These equations are simple enough to implement if the circuit may be designed without limitation on the number of components used. Equation (1) requires N-1 AND gates having, respectively, two inputs, three inputs, four inputs, and so forth up to N inputs for each gate. AND gate circuitry of this type takes up considerable space in an integrated circuit, and is therefore costly to fabricate.
In accordance with the present invention, the AND logic necessary for the fabrication of a look-ahead rounding circuit takes the form of current-mode logic (CML), and the logical AND function is performed as a logical OR with negative logic. In the illustrative embodiment of the invention, the logical OR function is performed as a "wired OR" in which the emitters of selected groups of transistors are coupled together.
As shown in FIG. 2, the AND logic includes a plurality of NPN transistors arranged in a matrix of rows and columns. For ease of reference, the rows are numbered from 0 through N-1 from top to bottom, and the columns are numbered from 0 through N-1 from right to left. The transistors are referred to by the letter T followed by two subscripts indicating the row number and column number, respectively. Thus, there are N-1 transistors in the first column (column #0) and they are designated T0,0, T1,0, and so forth to TN-1,0. Column #1 has one fewer transistor than column #0, i.e. it has transistors T1,1, T2,1, and so forth to TN-1,1. Similarly, column #2 has one fewer transistor than column #1, beginning with transistor T2,2, and column #3 has one fewer than column #2, beginning with transistor T3,3. This pattern continues to the (N-1)th column, which has only one transistor, TN-1,N-1.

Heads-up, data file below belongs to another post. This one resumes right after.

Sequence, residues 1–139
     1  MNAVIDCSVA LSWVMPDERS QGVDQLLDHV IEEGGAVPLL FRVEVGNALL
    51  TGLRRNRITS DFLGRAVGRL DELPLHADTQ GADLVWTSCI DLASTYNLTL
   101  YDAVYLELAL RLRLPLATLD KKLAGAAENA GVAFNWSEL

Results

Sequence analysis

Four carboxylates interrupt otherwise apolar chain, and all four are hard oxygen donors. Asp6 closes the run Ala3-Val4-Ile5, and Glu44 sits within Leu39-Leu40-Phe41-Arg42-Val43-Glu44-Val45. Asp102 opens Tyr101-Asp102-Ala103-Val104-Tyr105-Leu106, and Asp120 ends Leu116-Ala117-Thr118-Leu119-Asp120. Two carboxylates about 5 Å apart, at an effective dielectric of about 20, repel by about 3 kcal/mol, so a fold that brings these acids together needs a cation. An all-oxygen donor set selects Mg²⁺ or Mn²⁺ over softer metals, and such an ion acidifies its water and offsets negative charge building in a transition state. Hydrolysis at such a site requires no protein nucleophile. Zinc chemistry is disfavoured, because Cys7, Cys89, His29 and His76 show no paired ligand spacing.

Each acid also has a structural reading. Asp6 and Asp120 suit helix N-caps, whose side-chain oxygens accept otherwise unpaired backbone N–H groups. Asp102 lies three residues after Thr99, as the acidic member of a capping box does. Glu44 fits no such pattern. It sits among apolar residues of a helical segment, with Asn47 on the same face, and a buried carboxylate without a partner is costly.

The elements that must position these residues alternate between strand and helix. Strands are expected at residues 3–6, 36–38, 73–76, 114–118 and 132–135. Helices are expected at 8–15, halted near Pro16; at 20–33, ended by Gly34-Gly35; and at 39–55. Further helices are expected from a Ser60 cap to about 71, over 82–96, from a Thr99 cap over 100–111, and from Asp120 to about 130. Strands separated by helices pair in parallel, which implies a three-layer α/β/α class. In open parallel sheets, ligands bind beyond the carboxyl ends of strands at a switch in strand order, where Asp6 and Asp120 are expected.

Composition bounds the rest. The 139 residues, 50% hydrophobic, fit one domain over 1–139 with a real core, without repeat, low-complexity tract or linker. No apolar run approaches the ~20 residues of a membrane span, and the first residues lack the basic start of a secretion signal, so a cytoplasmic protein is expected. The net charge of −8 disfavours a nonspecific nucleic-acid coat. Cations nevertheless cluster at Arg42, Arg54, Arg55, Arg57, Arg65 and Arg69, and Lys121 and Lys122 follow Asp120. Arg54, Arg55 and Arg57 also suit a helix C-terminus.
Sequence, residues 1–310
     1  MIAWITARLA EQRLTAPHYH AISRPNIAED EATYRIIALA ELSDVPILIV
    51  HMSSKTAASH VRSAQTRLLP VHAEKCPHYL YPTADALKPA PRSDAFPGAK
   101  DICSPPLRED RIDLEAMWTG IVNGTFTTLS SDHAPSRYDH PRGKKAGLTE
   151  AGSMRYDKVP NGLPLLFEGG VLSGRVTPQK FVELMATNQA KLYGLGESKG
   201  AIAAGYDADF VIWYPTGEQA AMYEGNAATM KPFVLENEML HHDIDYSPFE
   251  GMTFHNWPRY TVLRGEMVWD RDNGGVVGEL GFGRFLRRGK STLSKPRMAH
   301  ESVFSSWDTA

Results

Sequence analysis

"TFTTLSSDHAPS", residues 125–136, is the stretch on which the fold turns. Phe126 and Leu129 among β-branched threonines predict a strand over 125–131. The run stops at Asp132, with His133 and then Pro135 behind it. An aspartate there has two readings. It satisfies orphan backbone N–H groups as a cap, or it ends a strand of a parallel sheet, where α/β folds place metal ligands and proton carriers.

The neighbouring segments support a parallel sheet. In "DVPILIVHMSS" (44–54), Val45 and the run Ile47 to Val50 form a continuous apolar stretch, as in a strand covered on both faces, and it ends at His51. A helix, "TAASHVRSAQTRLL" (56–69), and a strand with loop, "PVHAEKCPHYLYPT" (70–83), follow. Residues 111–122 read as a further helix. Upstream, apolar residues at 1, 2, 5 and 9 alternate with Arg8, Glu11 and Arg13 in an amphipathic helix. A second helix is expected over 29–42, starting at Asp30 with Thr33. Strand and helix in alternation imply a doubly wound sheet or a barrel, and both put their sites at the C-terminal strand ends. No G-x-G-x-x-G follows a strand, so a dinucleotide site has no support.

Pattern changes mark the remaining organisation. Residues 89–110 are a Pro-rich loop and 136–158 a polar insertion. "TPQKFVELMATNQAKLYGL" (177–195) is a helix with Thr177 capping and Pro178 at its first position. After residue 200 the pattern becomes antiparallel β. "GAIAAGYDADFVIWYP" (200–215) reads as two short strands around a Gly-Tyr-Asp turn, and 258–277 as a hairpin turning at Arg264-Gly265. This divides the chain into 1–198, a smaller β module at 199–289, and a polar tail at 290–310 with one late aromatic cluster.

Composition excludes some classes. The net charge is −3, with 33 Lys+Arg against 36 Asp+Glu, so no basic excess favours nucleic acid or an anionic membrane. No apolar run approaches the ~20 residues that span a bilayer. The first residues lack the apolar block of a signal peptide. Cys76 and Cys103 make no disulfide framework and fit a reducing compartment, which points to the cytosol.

The logic is powered by a power supply line 40 and a ground line 42. Inputs to the logic include an inverse rounding carry signal, indicated at RND1/, where the "/" symbol represents a logical "not" or inversion of the designated signal. Other inputs include complementary pairs of signals from the unrounded number, designated PP1, PP1/, PP2, PP2/, and so forth up to PPN and PPN/. Only the inverse forms of these input signals are utilized in the AND logic of FIG. 2, and the uninverted forms of the input signals being passed through to be utilized in the XOR logic 24 (FIG. 1), which will be explained in more detail with reference to FIG. 3.
All of the transistors T0,0 through TN-1,N-1 have their collectors connected to the power supply line 40. Their base terminals are connected column by column to the respective input signals, and their emitters are connected row by row to provide the output signals. More specifically, the first column of transistors (column #0) has the base terminals of all its members connected to the inverse rounding carry input signal RND1/. The base terminal of the column #1 transistors T1,1, T2,1 and so forth are connected in common to the inverse input signal PP1/. The same pattern continues across the circuit, transistor TN-1,N-1 having its base terminal connected to input signal PP(N-1).